The B minor chord is one of the most common and popular chords on the guitar. It is probably the most popular bar chord, and usually the first bar chord that guitarists learn. This is largely because the B minor chord is found in common keys, such as G and D.
The B minor chord contains the note B (root note) which can be played on the open string (2nd string), but there are not really any practical ways of playing the Bm chord as an open chord.
Some Quick Bm Chord Theory
- The B minor chord contains the notes B, D and F#.
- The B minor chord is produced by playing the 1st (root), flat 3rd and 5th notes of the B Major scale.
- The B minor chord (just like all minor chords) contains the following intervals (from the root note): minor 3rd, Major 3rd, Perfect 4th (back to the root note).
- B minor is the relative minor of C Major.
- B minor is the first chord in the key of B minor. The seven chords in the key of B minor are: Bm, C# diminished, D+, Em, F#, G, A# diminished
10 Ways To Play The B Minor Chord
If you’ve come to this page just to view some chord diagrams for Bm, here they are.
Standard Bm Chord Shape
The standard Bm chord shape is the root-5 minor barre chord, starting on the second fret. For many guitarists, this chord is the first barre chord that they learn (as well as F Major). The B minor chord is found in many common keys that use open chords, such as the key of G, the key of A and the key of D. Therefore, it is a very commonly used chord, but more technically challenging than the chords that it is often used with.
Easy Bm Chord Shape
The easy version of the Bm chord uses only the first three strings and the first three fingers. By playing the easier version of the B minor chord, it makes it possible to start using it in songs, especially when you’re finding the barre chord version difficult.
How to Play the Bm Chord (Step by Step)
- Place your first finger on the second fret and barre the first five strings.
- Place your third finger on the fourth fret of the fourth string.
- Place your fourth finger on the fourth fret of the third string.
- Place your second finger on the third fret of the second string.
- Strum the first five strings.
The instructions above are step by step instructions for playing the common B minor chord shape. Forming the chord through step by step instructions is a great way of ensuring that you are interpreting the chord diagram correctly.
B Minor Barre Chord Shapes
The Bm chord can be played as a barre chord by playing a root 6 barre chord shape and starting on the 7th fret or by playing a root 5 barre chord Major shape and starting on the 2nd fret:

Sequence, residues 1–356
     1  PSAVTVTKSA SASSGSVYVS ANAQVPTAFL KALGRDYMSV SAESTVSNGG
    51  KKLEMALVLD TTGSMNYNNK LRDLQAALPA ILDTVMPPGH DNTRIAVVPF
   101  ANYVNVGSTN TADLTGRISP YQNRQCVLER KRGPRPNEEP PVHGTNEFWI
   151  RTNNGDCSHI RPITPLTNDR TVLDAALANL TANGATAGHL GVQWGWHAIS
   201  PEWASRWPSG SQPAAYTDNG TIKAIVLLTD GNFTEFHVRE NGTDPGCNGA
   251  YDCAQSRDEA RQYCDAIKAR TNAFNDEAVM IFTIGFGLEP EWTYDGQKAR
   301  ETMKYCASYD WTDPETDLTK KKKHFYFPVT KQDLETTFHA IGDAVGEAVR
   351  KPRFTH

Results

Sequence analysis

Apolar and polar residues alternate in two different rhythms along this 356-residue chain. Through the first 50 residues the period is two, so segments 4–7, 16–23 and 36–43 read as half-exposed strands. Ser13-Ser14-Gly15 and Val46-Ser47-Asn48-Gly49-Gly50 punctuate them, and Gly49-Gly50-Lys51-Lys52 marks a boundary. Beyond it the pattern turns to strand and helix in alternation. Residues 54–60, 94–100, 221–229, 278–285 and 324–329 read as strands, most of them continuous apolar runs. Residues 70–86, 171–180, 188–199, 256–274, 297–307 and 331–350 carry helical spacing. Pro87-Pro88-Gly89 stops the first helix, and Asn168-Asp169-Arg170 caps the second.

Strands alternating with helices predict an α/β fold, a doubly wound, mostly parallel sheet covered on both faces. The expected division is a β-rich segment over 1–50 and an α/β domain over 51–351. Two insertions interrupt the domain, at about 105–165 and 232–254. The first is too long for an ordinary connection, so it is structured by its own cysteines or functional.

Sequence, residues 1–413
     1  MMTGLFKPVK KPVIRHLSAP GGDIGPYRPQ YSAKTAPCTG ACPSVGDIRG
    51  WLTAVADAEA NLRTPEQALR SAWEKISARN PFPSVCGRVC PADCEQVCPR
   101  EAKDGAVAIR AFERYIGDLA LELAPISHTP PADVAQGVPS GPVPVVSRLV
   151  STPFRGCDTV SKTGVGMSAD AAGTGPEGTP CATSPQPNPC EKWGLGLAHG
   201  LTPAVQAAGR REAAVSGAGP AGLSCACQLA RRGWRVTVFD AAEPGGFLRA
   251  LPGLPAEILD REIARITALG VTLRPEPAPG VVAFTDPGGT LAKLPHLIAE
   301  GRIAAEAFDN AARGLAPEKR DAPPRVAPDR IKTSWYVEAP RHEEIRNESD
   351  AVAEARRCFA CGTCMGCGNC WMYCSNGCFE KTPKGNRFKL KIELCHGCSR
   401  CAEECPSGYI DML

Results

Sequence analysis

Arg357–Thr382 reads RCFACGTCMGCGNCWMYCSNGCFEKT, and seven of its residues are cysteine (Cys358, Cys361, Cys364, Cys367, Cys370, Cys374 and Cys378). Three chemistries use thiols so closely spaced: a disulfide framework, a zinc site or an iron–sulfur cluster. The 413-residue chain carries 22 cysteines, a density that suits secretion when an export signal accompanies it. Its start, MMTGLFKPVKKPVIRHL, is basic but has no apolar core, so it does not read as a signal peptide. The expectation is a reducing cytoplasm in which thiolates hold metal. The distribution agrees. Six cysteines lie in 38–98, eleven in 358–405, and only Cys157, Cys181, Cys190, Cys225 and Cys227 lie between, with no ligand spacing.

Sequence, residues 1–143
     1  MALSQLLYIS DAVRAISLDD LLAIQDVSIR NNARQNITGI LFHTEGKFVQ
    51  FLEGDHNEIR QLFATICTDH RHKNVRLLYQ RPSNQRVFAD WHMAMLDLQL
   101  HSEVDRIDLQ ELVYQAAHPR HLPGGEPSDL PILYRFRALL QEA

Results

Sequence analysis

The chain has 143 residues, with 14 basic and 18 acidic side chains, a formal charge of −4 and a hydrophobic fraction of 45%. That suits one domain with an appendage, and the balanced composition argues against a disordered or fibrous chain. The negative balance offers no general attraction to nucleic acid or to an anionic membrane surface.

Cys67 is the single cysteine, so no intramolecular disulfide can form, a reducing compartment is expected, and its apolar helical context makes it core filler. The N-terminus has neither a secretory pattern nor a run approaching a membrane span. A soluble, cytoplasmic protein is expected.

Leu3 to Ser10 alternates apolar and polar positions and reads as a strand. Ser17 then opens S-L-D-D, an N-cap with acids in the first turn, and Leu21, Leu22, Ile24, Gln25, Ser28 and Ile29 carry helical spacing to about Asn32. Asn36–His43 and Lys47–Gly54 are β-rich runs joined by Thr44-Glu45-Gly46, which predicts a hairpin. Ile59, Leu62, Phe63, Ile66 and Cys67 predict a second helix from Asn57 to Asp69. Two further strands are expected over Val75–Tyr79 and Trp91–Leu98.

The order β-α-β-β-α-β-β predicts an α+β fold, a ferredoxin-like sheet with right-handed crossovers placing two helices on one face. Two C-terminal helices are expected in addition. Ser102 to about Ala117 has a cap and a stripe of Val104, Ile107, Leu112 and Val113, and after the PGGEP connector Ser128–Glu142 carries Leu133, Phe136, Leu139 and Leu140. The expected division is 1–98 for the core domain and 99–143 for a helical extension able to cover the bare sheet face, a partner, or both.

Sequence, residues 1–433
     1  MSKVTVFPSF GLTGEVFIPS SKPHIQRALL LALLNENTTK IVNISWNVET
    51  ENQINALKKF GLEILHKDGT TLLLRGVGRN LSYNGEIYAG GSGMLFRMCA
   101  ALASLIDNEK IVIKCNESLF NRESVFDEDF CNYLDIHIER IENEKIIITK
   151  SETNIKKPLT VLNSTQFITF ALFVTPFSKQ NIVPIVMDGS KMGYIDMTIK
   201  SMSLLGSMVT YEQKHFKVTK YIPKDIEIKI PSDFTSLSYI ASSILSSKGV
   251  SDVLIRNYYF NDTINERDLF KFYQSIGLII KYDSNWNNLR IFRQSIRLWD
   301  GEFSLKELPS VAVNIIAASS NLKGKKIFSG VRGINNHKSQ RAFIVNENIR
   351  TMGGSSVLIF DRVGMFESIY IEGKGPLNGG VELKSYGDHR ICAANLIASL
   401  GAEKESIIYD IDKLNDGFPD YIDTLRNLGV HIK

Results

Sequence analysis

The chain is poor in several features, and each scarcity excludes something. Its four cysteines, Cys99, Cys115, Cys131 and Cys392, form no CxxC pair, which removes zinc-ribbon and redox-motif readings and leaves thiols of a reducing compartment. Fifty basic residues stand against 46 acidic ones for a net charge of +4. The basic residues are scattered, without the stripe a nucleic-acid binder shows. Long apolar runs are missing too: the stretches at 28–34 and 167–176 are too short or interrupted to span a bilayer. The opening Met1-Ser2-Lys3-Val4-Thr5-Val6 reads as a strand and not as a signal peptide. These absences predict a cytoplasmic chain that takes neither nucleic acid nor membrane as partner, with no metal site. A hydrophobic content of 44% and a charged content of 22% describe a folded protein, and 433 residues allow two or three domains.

B Minor Triads
Playing triads is a great way of exploring the minor chord and the guitar fretboard more generally. By arranging the notes of the chord systematically using permutations (root position, first inversion, second inversion), interesting and unique shapes and voicings are created. The three different voicings for the B minor triad are:
- B minor Triad (Root Position) – B, D, F#
- B minor Triad (1st Inversion) – D, F#, B
- B minor Triad (2nd Inversion) – F#, B, D
By playing these triads on two different groups of three strings, we can produce six different shapes.
Which Keys Have The Bm chord in Them?
The Bm chord can be found in the following keys:
- The key of B minor (Bm, C#dim, D, Em, F#m, G, A)
- The key of E minor (Em, F#dim, G, Am, Bm, C, D)
- The key of F# minor (F#, G#dim, A, Bm, C#m, D, E)
- The key of D Major (D, Em, F#m, G, A, Bm, C#dim)
- The key of G Major (G, Am, Bm, C, D, Em, F#dim)
- The key of A Major (A, Bm, C#m, D, E, F#m, G#dim)
Alternative But Useful Bm Chord Shapes
The following shapes are alternative ways of playing the B minor chord shape. They’re not the most common Bm shapes, but used enough to include here as interesting alternatives.
Bm Chord Substitutions
Most B minor chords with extensions can be used as a substitute for the B minor chord. For example, Bm9, Bm11 and Bm6 can often be used to add colour and emotion to the B minor chord.
The Bm7 chord is quite often used interchangeably with the Bm chord.
For more interesting substitutions, playing variations of the D chord (which is the relative Major of B minor), such as D6, D69, Dmaj9 etc. can be used effectively as a substitute for the B minor chord.
Which Scales Can Be Played Over the B Minor Chord?
The most common and effective scales that can be used to solo/improvise over the B minor chord, or to create melodies for the purposes of song writing are:
- B natural minor scale – This scale (also called B aeolian) is the most commonly used scale for this chord.
- B minor pentatonic scale – This is probably the easiest scale to learn and get started on when improvising over the B minor chord..
- B minor blues scale – This scale can be used over the Bm chord to add a Blues flavour.
- B dorian mode – This scale can be used to add a slightly brighter sound to the B minor chord.
- B phrygian mode – This scale can be used to add a darker sound to the B minor chord.
- B natural minor scale
- A harmonic minor scale
- How minor chords work
- Chords page
- B minor arpeggio
- Bm/D chord
- Bm/F# chord